WEB DESK: How weak is the government commitment towards public sector education is plain from the findings of “Pakistan District Education Rankings, 2016” report jointly prepared by the Sustainable Development Policy Institute and an advocacy group, AlifAilaan.
The report covering 151 districts across the country as well as Azad Kashmir and Gilgit-Baltistan shows only 52 percent of government schools have all the four school completeness facilities, i.e., toilets, boundary walls, electricity and, drinking water. Of these, as many as 81 percent are primary schools, which of course means those wishing to continue education to higher levels have extremely limited opportunities. Sadly, this has gone on despite the fact that as per Article 25-A of the Constitution, the state has the responsibility to provide free and compulsory matric-level education to all children under the age of 16.
AJK schools show substantial betterment and the ones in GB too relative progress. Among the provinces, Punjab turns out to be the best performer with 93 percent of its schools meeting the completeness criteria as well as improvement in learning outcomes. Although, three south Punjab districts continue to lag far behind central and northern regions they too fare better than the last year.
In KPK there is progress in both enrolment and gender parity, but the retention rate has declined which is attributable to the fact that 50 percent of the schools in the province continue to lack the four basic facilities even though the provincial government claims to have assigned high priority to education. Balochistan and Sindh make a poor showing both for learning outcomes and infrastructure. Balochistan is at the bottom rung in all of Pakistan, which holds serious implications for that restive province.
When the various development projects come to fruition the Baloch people will not be in a position to fully benefit from them. The report card for Sindh is no less worrisome. According to a parallel account of the state of education in Sindh provided by another non-governmental advocacy organisation, ASER, based on its sixth survey report on the status of education in the province, 24 percent of Sindh’s children aged 6-16 remain out of schools, and the other 76 percent are not learning much either.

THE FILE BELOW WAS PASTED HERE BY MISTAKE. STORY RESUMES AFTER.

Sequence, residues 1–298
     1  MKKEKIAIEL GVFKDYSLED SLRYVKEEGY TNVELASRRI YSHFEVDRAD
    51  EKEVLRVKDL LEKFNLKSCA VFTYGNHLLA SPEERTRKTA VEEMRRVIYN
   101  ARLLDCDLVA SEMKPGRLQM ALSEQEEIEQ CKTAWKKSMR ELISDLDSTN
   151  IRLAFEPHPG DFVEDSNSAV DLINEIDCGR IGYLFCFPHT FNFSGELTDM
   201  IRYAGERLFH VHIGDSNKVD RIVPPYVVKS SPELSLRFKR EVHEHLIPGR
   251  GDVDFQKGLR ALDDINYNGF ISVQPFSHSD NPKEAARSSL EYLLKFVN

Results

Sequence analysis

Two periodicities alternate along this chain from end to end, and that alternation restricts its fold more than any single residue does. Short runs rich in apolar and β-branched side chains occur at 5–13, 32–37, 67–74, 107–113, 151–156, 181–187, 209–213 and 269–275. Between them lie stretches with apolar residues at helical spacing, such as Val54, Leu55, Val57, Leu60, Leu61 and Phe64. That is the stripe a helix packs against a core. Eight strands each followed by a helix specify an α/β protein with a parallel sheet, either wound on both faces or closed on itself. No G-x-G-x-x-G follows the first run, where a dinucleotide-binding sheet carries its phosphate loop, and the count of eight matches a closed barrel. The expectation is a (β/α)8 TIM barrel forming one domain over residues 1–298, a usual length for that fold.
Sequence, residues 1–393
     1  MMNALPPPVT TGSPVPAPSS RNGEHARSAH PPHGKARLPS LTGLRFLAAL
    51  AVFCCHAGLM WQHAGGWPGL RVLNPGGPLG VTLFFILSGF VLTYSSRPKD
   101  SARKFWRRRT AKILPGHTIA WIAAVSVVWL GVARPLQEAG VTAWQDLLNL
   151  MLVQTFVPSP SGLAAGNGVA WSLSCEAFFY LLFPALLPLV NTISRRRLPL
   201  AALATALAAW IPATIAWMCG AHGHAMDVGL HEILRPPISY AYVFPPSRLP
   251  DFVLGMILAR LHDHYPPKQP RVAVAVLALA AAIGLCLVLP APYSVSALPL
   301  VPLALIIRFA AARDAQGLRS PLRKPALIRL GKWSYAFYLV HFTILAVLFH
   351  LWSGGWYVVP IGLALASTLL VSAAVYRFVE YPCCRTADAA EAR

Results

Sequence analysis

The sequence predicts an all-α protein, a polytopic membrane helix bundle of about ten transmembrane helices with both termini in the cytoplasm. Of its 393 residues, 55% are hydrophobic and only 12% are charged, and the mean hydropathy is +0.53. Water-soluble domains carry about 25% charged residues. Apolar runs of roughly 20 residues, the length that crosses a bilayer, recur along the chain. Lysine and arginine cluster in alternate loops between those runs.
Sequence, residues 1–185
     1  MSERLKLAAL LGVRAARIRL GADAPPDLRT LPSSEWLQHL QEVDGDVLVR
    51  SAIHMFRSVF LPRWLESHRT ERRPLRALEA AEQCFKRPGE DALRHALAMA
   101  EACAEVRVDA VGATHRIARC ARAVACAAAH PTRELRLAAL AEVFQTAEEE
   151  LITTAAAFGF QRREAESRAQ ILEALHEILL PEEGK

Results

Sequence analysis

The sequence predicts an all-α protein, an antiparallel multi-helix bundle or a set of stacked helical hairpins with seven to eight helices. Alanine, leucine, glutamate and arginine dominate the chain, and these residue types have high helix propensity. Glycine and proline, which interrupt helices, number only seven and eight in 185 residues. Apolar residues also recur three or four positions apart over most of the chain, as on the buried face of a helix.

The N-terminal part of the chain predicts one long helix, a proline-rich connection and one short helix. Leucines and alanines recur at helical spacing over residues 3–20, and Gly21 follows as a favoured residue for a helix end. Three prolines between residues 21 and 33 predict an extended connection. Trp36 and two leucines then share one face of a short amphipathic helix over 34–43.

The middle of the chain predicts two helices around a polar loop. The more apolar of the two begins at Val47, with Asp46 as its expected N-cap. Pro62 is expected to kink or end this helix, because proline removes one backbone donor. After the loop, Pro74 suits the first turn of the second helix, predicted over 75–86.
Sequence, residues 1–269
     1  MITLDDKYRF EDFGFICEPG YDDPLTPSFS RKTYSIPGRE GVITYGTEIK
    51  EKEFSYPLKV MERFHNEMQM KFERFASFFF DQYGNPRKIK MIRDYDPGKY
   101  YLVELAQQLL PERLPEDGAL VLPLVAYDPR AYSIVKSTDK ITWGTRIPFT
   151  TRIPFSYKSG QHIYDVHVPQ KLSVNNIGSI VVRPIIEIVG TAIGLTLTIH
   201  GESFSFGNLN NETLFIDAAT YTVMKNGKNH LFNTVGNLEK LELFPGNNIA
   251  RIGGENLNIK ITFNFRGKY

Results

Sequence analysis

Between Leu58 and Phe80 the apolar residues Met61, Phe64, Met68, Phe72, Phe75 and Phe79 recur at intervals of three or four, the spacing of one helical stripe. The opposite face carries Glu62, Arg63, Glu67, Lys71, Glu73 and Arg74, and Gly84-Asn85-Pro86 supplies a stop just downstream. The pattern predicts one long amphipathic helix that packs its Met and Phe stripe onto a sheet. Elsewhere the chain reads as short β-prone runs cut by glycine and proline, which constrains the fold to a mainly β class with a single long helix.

The ASER survey also found that the number of children going to government-run schools is decreasing as compared to private schools – a vote of no-confidence in the government school system. Both reports are a damning indictment of public sector education. The country has already missed the 2015 target of ‘Education for All’ by a huge margin that it undertook to achieve as part of the UN Millennium Development Goals.
The problem is not only low budgetary allocations but also corruption, incompetence, and the ruling elite’s indifference towards the rights and needs of ordinary people. Among the millions out of school children there surely are many minds who could make great scientists, mathematicians, and artists or excel in other fields of human endeavour but are denied the opportunity to achieve what they are capable of.
Hopefully, the provincial governments can grasp the fact that education is not only an individual’s right, it fosters tolerance – in extremely short supply in this country – and is the building block of socio-economic progress, leading them take urgent measures to set things right.-Business Recorder